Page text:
The time taken to find a node in a binary search tree is a function of the height of the tree. For a binary tree with N nodes, what are the upper and lower bounds on the height of the tree and why? [4 marks]

## Expert Answer

-A binary tree is a tree in which each node can have at most 2 child nodes.

-In binary search tree the lower bound in terms of height is given by complete BST and the unbalanced tree gives the upper bound to the height.

-A Complete binary is one whose all levels except the last one is completely filled and on the last level all the child nodes are all to the left side and the unbalanced is the one that has difference in the depth of the two sub trees of every node by more than 1.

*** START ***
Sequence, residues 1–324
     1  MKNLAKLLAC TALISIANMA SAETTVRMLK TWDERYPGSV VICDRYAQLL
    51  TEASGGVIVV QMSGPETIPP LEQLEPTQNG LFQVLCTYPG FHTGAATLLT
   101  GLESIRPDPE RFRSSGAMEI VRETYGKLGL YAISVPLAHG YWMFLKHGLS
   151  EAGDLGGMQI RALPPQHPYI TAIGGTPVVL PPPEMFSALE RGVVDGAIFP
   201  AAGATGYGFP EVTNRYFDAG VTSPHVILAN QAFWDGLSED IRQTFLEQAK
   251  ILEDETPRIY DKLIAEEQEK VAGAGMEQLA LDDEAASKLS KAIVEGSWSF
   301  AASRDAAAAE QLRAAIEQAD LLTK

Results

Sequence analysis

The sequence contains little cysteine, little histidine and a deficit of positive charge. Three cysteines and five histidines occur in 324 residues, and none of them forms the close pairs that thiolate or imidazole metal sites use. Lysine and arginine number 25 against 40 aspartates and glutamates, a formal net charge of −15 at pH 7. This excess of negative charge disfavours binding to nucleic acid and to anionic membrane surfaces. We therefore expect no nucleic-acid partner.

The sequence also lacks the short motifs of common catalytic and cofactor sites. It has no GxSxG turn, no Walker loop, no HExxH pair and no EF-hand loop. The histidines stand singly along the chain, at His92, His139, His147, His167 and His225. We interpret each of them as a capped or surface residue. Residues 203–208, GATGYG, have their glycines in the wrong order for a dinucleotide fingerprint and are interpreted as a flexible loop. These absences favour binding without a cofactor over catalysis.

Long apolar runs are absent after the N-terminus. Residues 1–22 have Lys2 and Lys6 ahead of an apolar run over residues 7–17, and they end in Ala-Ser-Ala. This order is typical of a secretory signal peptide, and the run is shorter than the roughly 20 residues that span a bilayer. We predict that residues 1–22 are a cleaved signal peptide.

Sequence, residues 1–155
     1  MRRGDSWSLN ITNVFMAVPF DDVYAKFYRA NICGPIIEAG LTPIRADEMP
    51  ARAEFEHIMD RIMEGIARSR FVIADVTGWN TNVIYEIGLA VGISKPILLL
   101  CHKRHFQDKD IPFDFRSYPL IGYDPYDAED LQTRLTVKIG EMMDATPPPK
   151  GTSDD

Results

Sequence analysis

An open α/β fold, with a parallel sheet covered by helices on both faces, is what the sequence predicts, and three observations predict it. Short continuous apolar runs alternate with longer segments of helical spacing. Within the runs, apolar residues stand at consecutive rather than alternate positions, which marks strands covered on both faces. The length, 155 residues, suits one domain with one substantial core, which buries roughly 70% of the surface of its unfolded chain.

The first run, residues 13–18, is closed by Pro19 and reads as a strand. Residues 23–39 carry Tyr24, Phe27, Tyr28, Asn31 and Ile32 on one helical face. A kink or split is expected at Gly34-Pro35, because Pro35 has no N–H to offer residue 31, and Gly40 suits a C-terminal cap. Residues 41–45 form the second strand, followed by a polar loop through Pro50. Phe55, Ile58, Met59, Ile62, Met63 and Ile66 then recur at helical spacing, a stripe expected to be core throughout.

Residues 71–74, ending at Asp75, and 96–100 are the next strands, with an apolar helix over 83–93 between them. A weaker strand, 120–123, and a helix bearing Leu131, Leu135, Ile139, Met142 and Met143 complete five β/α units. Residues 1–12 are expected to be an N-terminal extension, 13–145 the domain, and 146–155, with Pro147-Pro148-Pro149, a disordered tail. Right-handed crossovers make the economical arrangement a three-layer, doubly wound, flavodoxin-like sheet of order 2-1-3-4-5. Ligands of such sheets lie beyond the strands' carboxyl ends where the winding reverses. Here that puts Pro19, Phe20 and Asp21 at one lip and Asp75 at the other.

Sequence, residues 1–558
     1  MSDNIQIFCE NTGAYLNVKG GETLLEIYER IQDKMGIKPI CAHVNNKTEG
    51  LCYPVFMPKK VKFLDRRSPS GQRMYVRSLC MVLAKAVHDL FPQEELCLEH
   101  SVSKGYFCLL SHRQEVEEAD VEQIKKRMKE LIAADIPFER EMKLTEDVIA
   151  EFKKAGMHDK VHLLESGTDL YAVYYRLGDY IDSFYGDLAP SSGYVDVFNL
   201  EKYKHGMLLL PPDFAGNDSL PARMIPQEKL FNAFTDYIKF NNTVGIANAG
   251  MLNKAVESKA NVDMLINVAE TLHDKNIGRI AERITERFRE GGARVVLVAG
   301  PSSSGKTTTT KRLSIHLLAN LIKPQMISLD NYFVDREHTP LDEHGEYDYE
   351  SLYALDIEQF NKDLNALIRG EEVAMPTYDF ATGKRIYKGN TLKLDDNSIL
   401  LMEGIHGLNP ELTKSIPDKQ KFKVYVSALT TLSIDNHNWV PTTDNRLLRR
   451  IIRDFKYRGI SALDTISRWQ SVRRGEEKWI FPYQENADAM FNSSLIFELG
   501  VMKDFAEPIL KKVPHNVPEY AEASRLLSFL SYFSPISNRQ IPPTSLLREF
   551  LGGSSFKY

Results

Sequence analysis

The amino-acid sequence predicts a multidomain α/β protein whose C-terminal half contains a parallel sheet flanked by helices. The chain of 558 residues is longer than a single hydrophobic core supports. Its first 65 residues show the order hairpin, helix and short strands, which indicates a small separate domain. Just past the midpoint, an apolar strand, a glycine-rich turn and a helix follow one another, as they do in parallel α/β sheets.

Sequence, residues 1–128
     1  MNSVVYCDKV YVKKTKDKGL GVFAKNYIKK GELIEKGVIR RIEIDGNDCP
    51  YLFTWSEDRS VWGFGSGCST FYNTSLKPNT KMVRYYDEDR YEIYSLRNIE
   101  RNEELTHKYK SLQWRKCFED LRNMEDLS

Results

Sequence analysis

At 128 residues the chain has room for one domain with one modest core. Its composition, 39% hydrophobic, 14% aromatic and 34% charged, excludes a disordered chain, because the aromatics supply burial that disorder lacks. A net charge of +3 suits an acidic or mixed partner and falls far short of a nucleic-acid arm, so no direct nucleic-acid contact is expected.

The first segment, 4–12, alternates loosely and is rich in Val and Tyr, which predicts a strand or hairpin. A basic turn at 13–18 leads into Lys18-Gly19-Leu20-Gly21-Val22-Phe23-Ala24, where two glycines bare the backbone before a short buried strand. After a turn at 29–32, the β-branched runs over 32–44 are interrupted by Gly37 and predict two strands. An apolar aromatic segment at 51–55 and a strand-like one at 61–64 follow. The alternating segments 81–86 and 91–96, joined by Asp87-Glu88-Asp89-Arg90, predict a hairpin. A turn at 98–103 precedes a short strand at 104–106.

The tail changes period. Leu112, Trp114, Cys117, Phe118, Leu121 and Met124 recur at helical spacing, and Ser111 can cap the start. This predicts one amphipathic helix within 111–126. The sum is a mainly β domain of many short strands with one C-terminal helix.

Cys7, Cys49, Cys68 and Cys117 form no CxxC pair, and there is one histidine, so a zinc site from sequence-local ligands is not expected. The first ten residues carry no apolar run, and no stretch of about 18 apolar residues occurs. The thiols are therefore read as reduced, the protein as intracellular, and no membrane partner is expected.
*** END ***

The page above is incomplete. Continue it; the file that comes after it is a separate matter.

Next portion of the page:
-So keeping this in mind, we can see that a BST can have the upper bound on height if it is a unbalanced BST, where nodes are either completely on the left or on the right side of the tree. In this arrangement each individual node is contributing to the height of tree. So if we have a tree of N nodes then the upper bound to height is N.

-Whereas if the tree is balanced then the height attained is the lower bound for BST. With each new level 2^{levelno} nodes are contributed to the new level. So with this arrangement least height is attained with the number of nodes. So the lower bound of height for BST= log_{2}(N+1).

l**og _{2}(N+1) <= Height of BST <= N**